A Wartime Legend: Stories Behind the Spitfire
An iconic military aircraft from a bygone era, the Supermarine Spitfire is etched into the memories and imaginations of generations, its story a long and illustrious one. From its humble beginnings to the Battle of Britain exploits and beyond, tales of the Spitfire have been told for over 75 years.
In a bid to truly capture the history and aura that surrounds this beautiful plane, we’ve prepared some stories to kick-start our exploration of its fascinating life.
The taste of combat proved sweet for Deere, and in the space of one week he took down a total of six Luftwaffe
The Supermarine Type 224: A Disappointing Start
Before it was the iconic machine we know today, the Spitfire began as the Supermarine Type 224, a gull-winged monoplane with a fixed “trousered” undercarriage and a 600HP Rolls Royce engine.
Before it had even left the runway the plane was labelled a disappointment by its designer, Reginald J. Mitchell. His prediction proved correct, with its initial maximum speed of 228 mph (367 km/h) and 9.5 minute duration to climb to 15,000 ft (4,600 m) well below expectations. Despite its shortcomings, the experience gained from the 1934 flights paved the way for the Spitfire’s eventual development and success.
Alan Deere: The First Spitfire Ace
1937. Alan Christopher Deere, a plucky pilot from the rural New Zealand city of Whanganui, joins the Royal Air Force in England.
1940. The Commanding Officer of 74 Squadron is shot down and forced to land in Calais-Marck, sparking a rescue mission on May 23. Responding to the call, a Miles Magister two-seat trainer escorted by two Spitfires arrives safely in Calais. Mr Deere is one such Spitfire pilot, lacking any real combat experience.
Tragedy strikes. As the Magister takes to the air just after take off, twelve Messerschmitt 109s descend. Under heavy fire, and with the success of the mission slipping away, Deere and his fellow pilot fight back. Outnumbered and outgunned, the Spitfires scramble effectively, taking down two of the Germans and warding off the others to guide the Magister to eventual safety.
The taste of combat proved sweet for Deere, and in the space of one week he took down a total of six Luftwaffe (German air force), thus becoming the first RAF Spitfire pilot to achieve ace pilot status. He finished the war as New Zealand’s second-highest-scoring air ace – behind Colin Gray – with 22 confirmed victories, 10 probable victories, and 18 damaged.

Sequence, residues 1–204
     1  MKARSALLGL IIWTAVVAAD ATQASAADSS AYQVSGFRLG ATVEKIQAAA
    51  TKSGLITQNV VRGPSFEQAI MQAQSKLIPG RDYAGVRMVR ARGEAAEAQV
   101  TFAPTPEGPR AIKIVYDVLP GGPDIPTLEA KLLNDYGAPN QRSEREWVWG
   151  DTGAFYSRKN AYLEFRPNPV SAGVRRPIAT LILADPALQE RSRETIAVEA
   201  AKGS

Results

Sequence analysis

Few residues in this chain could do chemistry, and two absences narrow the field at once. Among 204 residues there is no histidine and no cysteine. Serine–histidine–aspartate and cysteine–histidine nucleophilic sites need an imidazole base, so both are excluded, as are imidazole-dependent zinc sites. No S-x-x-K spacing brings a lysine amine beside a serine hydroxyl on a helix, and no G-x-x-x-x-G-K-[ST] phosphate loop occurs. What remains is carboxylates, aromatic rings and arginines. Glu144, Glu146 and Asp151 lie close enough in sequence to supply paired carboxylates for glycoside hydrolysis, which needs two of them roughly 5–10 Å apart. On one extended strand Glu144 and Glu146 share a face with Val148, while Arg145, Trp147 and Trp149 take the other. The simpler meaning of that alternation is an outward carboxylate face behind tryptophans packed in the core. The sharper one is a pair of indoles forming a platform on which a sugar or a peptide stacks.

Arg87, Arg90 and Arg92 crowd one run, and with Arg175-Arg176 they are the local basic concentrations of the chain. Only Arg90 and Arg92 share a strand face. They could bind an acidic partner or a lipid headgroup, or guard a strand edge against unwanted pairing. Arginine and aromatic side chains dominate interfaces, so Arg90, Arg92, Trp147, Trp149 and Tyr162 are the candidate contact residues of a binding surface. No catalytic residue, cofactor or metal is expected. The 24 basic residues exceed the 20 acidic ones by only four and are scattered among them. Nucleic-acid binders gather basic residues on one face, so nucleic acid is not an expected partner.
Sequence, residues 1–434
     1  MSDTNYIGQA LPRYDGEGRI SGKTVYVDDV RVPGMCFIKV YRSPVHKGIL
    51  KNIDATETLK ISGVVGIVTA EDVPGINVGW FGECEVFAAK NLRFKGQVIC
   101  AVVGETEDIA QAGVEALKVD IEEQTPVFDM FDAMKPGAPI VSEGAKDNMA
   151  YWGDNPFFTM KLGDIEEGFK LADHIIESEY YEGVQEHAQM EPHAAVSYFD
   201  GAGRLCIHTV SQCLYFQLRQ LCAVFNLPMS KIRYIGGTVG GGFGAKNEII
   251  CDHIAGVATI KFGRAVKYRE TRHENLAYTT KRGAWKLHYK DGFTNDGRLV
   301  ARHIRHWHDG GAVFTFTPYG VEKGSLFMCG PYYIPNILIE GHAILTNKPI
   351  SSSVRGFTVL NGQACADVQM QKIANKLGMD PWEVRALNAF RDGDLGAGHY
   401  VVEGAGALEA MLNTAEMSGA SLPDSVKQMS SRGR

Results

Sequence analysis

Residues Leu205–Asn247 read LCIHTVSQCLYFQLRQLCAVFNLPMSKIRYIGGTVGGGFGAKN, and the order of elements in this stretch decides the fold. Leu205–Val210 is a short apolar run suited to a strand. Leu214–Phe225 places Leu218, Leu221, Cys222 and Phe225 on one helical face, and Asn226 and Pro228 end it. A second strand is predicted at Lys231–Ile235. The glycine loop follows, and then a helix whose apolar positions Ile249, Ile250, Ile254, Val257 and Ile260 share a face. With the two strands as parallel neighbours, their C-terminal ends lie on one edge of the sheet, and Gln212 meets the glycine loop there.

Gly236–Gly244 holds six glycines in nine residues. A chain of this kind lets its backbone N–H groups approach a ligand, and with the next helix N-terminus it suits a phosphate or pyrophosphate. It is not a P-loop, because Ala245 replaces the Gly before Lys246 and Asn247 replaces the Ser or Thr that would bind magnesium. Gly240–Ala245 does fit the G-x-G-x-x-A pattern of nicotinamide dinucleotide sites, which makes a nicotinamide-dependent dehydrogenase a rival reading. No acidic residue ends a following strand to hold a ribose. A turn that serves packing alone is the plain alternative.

The Cannon Spitfire: Right Idea, Wrong Execution
In 1934, during its developmental stages, the Spitfire was armed with eight .303 Browning machine guns, each with a 300 round capacity. This level of munitions was chosen to counter the idea that plane speed would limit the number of combat opportunities, therefore increased rounds would lead to a better chance of combat success.
But as with any technology, this eight-gun system inherited limitations over time, with bullet size proving insufficient against the heavy-armoured German aircraft. The RAF’s instruction to spread cone of fire for a long range of 365m limited their effect even further, with RAF pilots learning quickly that hitting the Germans at close range was the only way to cause significant damage.
In May 1940, with the Germans developing their own cannon-equipped Messerschmitt Bf 109E-4, pressure mounted on the RAF to find an answer with substantially greater firepower. Lord Beaverbrook was the instigator of progress, throwing his weight behind the concept of the cannon Spitfire.
But this was not a quick-fix solution, and despite several trials and changes of battle tactics over the coming months the cannon Spitfire proved to be a bitter disappointment. The culmination of its failure arrived in its use by the No. 19 Squadron, who were tasked with flying the cannon Spitfire throughout the Battle of Britain. Jammed guns at the moment of striking, spent cartridges lodged in ejection chutes, and flexed ammunition drums resulted in mounting frustrations and the eventual replacement of cannon Spitfires with their predecessors.
Mystery of History: The Curious Case of the Burmese Spitfires
Did you hear the one about the buried Spitfires? Rumour has it that a shipment of some 60 Mk XIV Spitfires arrived in Burma in August 1945, ready for action. Unfortunately their timing was a little off, and with post-war jobs limited to clearing the Japanese from Pacific islands, the planes were considered surplus. With plenty of Spitfires still operational, and new aircraft soon to replace them anyway, the order was made to bury them.
So is this story true, and if so, where are they now? Aviation archaeologist Jim Pearce is credited with giving the story life, after a discussion with US veterans who were given the burial instructions. Jim shared their story with his friend, pilot and aviation enthusiast David Cundall from Lincolnshire, who has since spent 16 years and £130,000 in his bid to find these mysterious machines beneath the Burmese dirt.
Despite following reputable sources, gaining a series of sponsors, and developing strong relationships with the Burmese government which enabled archaeological digs throughout Burma, lack of any hard evidence has resulted in refusal of further Burmese government support for Mr Cundall and a shortage of funding to press for continued digging.
Do these missing Spitfires really exist, or is Mr Cundall chasing shadows? While his commitment and efforts are honourable, the answer is set to remain buried for the foreseeable future.
These stories are but a few of the hundreds that exist, capturing the trials, tribulations, and triumphs of this famous fighter plane. At ModelSpace, we believe in keeping these stories alive for generations to come. Join us on this iconic journey today by building your very own 1:12 scale replica of the Supermarine Spitfire Mk Vb, available here: http://www.model-space.com/gb/build-the-spitfire.html